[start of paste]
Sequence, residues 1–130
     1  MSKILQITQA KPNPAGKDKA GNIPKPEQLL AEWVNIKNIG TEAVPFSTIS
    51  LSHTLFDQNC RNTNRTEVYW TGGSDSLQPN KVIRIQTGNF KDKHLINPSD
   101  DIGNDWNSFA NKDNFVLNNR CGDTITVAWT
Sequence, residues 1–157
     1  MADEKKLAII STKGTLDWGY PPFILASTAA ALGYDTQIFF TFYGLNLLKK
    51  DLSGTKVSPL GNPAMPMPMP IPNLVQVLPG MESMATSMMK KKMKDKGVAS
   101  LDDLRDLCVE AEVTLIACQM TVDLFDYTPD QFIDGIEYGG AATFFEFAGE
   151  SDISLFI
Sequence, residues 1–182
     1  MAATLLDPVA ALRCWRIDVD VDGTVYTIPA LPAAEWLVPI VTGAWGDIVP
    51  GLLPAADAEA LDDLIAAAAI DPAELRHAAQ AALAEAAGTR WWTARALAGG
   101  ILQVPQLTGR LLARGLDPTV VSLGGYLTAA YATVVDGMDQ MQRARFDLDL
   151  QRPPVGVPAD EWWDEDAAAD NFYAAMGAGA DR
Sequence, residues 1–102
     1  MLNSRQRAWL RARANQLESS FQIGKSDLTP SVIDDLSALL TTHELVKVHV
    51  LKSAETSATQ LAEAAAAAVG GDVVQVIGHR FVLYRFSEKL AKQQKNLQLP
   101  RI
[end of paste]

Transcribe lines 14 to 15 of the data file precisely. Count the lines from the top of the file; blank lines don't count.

   151  QRPPVGVPAD EWWDEDAAAD NFYAAMGAGA DR
Sequence, residues 1–102